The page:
management and critical communications. However, “infrastructure”
refers to some or all of the security technology infrastructure as well
as the management, maintenance, metrics and reporting needed to
fully leverage the investment. This can only be delivered by a SOC
and NOC provider with a depth of integration and managed services
pedigree as well as the consulting services to create and manage the
program from the perspective of the CSO.
Back to the Future
The underlining business model of IaaS is not a new one. Uber,
VRBO, Airbnb, Wag and many others have been successfully leveraging
a model commonly referred to as a “sharing economy.” The
concept of a sharing economy has been morphing since it first appeared
in the U.S. around 2014 and still today, no one can agree on a
definition. At its core, the concept takes advantage of a trend where
consumers don’t want to “own” something like a car, vacation home,
bicycle or an electric scooter, and would rather just purchase the service in the exact amount they need and forgo the costs of maintaining
them while those same things remain idle in the garage or in another
city. On a very fundamental level, this represents a risk management
strategy. On an individual level, the consumer can mitigate their financial
risks by only consuming what they need.
The IaaS model is designed to take advantage of this emerging
business model, by offering customers options to outsource the ownership
and/or operation of their physical and our logical security systems.
As previously mentioned, CSOs know firsthand how much it
costs to install a physical security system. They are now becoming
aware of the indirect costs to operate and maintain those systems,
including the costs of servers, networks, switches, IT staff and system
administration. At first glance, the indirect costs can range between
20 percent and 70 percent of the direct costs. More work needs to be
done to fully validate these numbers, but it is safe to say, that indirect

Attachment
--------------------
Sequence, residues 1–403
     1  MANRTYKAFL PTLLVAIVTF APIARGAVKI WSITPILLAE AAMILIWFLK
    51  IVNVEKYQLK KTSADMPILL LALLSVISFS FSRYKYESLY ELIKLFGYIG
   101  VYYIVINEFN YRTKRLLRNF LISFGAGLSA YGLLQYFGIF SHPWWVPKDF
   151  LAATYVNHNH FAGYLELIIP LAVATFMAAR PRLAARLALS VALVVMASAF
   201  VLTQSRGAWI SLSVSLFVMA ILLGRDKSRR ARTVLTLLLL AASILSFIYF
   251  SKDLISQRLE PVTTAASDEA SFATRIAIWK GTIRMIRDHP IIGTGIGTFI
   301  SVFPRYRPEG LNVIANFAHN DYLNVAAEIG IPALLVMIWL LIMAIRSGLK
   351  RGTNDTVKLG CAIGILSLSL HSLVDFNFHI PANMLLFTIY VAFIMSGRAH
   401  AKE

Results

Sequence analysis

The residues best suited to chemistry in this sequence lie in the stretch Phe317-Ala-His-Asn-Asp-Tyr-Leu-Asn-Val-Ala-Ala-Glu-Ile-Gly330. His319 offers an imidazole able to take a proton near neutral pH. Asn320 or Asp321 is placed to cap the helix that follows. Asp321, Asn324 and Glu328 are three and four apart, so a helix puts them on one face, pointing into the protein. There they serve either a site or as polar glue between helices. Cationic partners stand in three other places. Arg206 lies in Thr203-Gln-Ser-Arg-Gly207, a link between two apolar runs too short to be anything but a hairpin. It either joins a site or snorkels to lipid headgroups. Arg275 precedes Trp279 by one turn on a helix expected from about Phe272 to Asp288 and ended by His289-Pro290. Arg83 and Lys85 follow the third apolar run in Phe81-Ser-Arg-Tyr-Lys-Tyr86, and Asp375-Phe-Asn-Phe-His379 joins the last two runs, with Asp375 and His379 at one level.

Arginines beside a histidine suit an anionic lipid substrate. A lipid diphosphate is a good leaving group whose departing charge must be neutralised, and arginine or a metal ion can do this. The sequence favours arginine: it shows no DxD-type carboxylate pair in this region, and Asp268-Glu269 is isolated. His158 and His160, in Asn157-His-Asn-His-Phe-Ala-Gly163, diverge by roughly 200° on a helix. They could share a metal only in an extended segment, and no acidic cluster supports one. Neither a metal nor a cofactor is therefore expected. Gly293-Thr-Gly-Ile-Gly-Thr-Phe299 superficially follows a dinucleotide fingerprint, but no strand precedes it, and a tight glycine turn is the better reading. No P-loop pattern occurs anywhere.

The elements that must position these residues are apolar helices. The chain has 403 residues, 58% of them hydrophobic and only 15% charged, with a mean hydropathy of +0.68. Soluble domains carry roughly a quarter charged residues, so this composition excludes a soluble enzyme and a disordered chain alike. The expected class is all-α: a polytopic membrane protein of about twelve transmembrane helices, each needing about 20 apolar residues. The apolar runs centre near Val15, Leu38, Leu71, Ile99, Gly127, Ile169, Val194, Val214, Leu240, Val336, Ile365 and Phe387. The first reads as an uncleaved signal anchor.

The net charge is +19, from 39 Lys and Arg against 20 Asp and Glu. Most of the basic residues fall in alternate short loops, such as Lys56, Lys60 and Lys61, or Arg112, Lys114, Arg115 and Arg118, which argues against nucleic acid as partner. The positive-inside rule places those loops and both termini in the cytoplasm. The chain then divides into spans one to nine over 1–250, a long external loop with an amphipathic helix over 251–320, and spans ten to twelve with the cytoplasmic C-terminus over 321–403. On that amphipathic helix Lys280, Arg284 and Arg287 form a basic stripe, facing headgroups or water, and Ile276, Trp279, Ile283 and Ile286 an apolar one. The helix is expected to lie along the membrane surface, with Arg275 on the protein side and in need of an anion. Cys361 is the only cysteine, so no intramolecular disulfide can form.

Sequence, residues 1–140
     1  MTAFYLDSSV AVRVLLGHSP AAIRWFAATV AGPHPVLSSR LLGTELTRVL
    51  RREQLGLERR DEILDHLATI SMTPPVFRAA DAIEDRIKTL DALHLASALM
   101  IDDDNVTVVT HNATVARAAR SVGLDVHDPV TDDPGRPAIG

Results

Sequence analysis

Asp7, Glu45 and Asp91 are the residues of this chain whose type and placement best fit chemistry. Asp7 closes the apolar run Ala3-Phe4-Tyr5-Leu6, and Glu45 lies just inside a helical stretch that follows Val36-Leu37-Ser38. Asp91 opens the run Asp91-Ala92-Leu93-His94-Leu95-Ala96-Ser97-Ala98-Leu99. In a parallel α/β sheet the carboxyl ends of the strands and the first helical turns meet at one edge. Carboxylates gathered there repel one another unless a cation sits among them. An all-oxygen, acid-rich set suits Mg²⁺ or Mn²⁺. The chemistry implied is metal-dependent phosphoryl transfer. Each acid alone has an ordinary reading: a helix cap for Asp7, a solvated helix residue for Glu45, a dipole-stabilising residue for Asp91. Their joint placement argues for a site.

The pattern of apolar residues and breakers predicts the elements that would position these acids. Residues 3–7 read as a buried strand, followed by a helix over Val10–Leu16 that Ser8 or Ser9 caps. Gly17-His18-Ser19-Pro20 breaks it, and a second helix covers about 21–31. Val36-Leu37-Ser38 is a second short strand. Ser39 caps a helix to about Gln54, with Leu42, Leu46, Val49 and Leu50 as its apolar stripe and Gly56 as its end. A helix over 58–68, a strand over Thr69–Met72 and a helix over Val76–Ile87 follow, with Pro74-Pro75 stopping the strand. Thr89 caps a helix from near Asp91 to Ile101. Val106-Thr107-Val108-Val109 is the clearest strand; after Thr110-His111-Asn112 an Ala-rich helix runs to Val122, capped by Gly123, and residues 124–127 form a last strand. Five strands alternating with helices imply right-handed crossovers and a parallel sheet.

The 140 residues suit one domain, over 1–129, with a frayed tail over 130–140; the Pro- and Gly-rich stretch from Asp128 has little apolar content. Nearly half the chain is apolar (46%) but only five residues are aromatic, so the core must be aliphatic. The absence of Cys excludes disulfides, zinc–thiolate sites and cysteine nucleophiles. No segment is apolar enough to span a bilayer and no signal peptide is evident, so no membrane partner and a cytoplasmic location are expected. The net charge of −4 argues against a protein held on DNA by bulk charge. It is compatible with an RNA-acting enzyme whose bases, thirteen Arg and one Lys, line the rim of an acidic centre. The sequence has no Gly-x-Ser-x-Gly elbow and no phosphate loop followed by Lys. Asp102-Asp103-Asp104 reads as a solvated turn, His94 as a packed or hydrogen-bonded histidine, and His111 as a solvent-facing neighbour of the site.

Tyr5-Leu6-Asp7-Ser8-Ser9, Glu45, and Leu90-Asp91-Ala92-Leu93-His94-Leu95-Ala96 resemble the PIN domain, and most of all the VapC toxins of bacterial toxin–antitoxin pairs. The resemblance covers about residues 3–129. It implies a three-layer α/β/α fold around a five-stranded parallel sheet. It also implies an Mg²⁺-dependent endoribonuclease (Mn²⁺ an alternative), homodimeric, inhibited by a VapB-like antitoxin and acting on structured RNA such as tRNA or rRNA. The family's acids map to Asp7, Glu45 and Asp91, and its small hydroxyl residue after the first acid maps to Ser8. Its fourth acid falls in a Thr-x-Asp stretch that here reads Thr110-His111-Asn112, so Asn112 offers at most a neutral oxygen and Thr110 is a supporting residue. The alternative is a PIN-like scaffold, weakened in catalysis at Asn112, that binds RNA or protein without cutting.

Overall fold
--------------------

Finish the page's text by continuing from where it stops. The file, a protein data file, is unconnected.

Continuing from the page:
costs are increasing at a time that most corporate IT departments are
looking to decrease costs through some sort of outsourcing model.
In addition to the direct and indirect costs of security, the attention
of both CSO’s and the Chief Information Security Officer’s
(CISO) are the vulnerabilities that are created by deploying physical
security devices on the corporate network. Traditionally, these devices
were either not designed with cyber hardening in mind, or if they
were, they weren’t being maintained with the same rigor of a laptop
or desktop computer. In either case, the layer of security that was deployed
to protect company assets may in fact, enable a breach. These
vulnerabilities can be addressed at the device level, but again, most
IT teams are primarily focused on protecting the most importance
assets against an unceasing barrage of cyber-attacks. They have little
patience, time or resources to spend on physical security systems.
If a sharing economy model existed within the physical security
industry, it would enable an enterprise consumer to purchase the services
they needed without having to build, operate and maintain it.
It would provide many more features that would be available at the
time of need but today almost always go unused. The term “uberization”
comes to mind. Uber recognized a demand for a car service
that didn’t require a person to buy, rent or wait for transportation
through a dispatch system. They brought people together who had a
car that wasn’t being fully leveraged from a financial perspective, with
the people who were willing to pay for a ride.
What Uber did for the car sharing service industry, IaaS could
do for the physical security industry because it will, for the first time,
provide corporate consumers options to purchase the physical security
services they need, without having to buy the whole car.
IaaS will also raise the bar on the cyber security protection of the
physical security devices through the direct monitoring of the devices
through a 24/7 Network Operations Center (NOC) and/or the ability
to air gap the network that the physical security systems ride on from
the corporate network.
IaaS will also unlock other market opportunities by offering enterprise
quality products and services to mid-market companies that
traditionally lacked the financial resources needed to deploy a system
of their own.
This article originally appeared in the March 2019 issue of Security Today.